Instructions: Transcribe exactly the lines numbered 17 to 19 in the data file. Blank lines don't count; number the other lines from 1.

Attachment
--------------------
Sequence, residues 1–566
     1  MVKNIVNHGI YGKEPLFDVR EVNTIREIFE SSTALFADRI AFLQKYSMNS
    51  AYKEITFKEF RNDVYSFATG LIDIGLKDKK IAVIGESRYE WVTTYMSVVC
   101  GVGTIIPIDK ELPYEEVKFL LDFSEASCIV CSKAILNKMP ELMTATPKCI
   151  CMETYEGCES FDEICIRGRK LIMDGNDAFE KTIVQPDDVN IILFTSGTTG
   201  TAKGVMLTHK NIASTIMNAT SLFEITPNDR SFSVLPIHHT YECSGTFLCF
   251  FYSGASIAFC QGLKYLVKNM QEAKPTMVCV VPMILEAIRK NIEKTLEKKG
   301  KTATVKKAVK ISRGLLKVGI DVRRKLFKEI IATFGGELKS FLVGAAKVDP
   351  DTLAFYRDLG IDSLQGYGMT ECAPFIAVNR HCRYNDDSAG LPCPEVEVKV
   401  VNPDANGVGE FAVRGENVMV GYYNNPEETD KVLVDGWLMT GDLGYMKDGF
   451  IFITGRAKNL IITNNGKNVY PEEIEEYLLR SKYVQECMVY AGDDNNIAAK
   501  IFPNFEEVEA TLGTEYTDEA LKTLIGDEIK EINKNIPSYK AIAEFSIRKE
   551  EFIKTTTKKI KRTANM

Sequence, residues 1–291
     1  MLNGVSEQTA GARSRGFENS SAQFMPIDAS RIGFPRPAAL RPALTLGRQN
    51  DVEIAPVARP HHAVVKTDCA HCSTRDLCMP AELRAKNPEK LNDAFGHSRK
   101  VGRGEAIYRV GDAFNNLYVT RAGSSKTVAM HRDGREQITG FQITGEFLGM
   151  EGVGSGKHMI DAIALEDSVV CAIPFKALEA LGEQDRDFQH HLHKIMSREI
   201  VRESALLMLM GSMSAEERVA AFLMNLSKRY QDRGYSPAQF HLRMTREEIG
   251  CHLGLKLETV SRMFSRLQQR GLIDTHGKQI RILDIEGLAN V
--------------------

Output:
   101  VGRGEAIYRV GDAFNNLYVT RAGSSKTVAM HRDGREQITG FQITGEFLGM
   151  EGVGSGKHMI DAIALEDSVV CAIPFKALEA LGEQDRDFQH HLHKIMSREI
   201  VRESALLMLM GSMSAEERVA AFLMNLSKRY QDRGYSPAQF HLRMTREEIG